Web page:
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Covid 19 and Animals

COVID-19 and Animals

Page last reviewed: April 22, 2020

Content source: National Center for Immunization and Respiratory Diseases (NCIRD), Division of Viral Diseases


Covid 19 and Animals, At this time, there is no evidence that animals play a significant role in spreading the virus that causes COVID-19. Based on the limited information available to date, the risk of animals spreading COVID-19 to people is considered to be low.  A small number of pets have been reported to be infected with the virus that causes COVID-19, mostly after contact with people with COVID-19.

Pets have other types of coronaviruses that can make them sick, like canine and feline coronaviruses. These other coronaviruses cannot infect people and are not related to the current COVID-19 outbreak.

However, since animals can spread other diseases to people, it’s always a good idea to practice healthy habits around pets and other animals, such as washing your hands and maintaining good hygiene. For more information on the many benefits of pet ownership, as well as staying safe and healthy around animals including pets, livestock, and wildlife, visit CDC’s Healthy Pets, Healthy People website.

No. At this time, routine testing of animals for COVID-19 is not recommended.

Although we know certain bacteria and fungi can be carried on fur and hair, there is no evidence that viruses, including the virus that causes COVID-19, can spread to people from the skin, fur, or hair of pets.

However, because animals can sometimes carry other germs that can make people sick, it’s always a good idea to practice healthy habits around pets and other animals, including washing hands before and after interacting with them.

We are still learning about this virus, but it appears that it can spread from people to animals in some situations. Until we learn more about this new coronavirus, you should restrict contact with pets and other animals while you are sick with COVID-19, just like you would with people. When possible, have another member of your household care for your animals while you are sick. If you are sick with COVID-19, avoid contact with your pet, including

  • Petting
  • Snuggling
  • Being kissed or licked
  • Sharing food or bedding

If you must care for your pet or be around animals while you are sick, wash your hands before and after you interact with pets and wear a cloth face covering.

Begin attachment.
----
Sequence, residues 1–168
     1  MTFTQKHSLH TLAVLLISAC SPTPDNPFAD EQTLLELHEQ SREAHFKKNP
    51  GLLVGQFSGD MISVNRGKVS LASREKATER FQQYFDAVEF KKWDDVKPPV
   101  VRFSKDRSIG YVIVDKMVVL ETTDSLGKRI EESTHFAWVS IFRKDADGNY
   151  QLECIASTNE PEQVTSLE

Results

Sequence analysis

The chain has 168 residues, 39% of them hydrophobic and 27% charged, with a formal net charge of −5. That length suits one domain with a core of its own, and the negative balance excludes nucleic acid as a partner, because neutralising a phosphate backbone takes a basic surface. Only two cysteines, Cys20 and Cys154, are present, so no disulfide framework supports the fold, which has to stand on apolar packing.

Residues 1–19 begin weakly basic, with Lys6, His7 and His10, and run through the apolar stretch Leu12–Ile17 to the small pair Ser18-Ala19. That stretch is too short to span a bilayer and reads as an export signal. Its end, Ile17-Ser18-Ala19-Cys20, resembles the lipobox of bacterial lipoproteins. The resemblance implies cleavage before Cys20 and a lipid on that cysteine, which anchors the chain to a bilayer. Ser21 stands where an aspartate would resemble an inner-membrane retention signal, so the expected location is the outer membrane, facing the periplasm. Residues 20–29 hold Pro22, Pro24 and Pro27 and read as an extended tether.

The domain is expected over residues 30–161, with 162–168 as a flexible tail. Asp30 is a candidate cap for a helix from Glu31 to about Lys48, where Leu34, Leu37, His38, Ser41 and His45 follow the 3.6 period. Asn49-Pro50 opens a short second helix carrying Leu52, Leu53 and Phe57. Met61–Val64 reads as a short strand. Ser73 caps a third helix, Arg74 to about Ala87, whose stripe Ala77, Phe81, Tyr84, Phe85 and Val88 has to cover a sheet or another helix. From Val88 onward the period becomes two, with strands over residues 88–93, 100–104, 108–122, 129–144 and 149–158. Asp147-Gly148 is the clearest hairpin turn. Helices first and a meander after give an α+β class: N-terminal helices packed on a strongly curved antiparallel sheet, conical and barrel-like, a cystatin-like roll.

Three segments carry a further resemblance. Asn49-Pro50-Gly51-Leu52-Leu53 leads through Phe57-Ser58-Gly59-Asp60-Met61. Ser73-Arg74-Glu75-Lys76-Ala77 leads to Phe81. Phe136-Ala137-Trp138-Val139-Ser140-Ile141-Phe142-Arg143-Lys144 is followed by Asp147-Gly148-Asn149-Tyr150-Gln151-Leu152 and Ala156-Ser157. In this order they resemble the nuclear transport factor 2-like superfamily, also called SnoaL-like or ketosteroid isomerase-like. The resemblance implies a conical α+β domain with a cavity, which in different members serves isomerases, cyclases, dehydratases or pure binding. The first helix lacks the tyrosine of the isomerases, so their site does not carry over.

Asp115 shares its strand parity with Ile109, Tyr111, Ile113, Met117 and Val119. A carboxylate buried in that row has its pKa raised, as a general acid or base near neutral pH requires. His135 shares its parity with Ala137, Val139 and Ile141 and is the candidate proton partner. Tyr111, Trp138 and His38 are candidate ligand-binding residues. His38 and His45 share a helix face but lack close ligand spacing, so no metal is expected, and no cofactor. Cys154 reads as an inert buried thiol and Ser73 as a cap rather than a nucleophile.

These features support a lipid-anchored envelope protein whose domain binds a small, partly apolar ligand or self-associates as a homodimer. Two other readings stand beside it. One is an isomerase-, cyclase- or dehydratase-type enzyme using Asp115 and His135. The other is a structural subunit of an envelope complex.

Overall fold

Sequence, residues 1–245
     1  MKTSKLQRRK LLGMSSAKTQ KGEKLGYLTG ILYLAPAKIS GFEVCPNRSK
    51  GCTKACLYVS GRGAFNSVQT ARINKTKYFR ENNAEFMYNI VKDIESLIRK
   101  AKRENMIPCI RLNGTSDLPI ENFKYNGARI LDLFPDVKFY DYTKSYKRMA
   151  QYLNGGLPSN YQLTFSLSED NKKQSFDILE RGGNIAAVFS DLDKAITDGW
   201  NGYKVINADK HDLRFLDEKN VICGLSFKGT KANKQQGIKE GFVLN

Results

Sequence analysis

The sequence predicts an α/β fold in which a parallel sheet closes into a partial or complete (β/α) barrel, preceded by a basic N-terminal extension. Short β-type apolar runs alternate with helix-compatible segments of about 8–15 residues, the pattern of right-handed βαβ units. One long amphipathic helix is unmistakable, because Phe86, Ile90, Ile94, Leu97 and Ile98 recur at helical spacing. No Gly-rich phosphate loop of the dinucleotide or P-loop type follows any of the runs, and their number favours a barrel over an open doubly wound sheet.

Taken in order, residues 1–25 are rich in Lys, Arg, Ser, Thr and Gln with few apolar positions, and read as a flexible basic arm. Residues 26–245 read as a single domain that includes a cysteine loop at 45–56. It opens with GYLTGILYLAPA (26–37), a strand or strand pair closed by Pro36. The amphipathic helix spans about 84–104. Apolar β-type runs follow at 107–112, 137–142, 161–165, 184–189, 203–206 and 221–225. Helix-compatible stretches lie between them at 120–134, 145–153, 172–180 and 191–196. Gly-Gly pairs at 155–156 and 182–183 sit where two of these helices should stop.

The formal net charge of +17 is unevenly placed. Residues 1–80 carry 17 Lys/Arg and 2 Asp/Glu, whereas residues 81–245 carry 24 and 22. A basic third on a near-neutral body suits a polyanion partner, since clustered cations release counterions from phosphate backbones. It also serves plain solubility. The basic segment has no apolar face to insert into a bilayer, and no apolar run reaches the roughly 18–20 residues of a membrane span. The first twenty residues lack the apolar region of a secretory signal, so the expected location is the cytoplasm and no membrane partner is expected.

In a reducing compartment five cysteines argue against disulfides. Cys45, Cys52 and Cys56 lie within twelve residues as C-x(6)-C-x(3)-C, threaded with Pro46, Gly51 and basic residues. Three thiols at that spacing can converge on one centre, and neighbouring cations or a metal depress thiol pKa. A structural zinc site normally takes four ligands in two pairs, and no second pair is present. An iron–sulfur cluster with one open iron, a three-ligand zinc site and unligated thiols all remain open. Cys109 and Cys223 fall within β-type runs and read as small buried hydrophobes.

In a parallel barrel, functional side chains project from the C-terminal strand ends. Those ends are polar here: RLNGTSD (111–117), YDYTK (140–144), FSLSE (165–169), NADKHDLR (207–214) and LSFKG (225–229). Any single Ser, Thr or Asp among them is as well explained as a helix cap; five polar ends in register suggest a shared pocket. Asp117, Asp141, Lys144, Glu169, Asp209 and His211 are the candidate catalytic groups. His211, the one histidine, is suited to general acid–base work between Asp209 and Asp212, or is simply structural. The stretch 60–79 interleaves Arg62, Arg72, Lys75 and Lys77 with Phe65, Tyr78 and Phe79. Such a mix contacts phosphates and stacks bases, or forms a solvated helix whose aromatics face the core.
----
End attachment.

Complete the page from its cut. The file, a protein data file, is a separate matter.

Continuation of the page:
We don’t know for sure which animals can be infected with the virus that causes COVID-19. CDC is aware of a small number of pets, including dogs and cats, reported to be infected with the virus that causes COVID-19, mostly after close contact with people with COVID-19. A tiger at a zoo in New York has also tested positive for the virus.

Recent research shows that ferrets, cats, and golden Syrian hamsters can be experimentally infected with the virus and can spread the infection to other animals of the same species in laboratory settings. Pigs, chickens, and ducks did not become infected or spread the infection based on results from these studies. Data from one study suggested dogs are not as likely to become infected with the virus as cats and ferrets. These findings were based on a small number of animals, and do not show whether animals can spread infection to people.

At this time, there is no evidence that animals play a significant role in spreading the virus that causes COVID-19. Based on the limited information available to date, the risk of animals spreading COVID-19 to people is considered to be low. Further studies are needed to understand if and how different animals could be affected by the virus that causes COVID-19 and the role animals may play in the spread of COVID-19.

We are still learning about this virus and how it spreads, but it appears it can spread from humans to animals in some situations. CDC is aware of a small number of pets, including cats, reported to be infected with the virus that causes COVID-19, mostly after close contact with people with COVID-19. Most of these animals had contact with a person with COVID-19. A tiger at a New York zoo has also tested positive for the virus that causes COVID-19.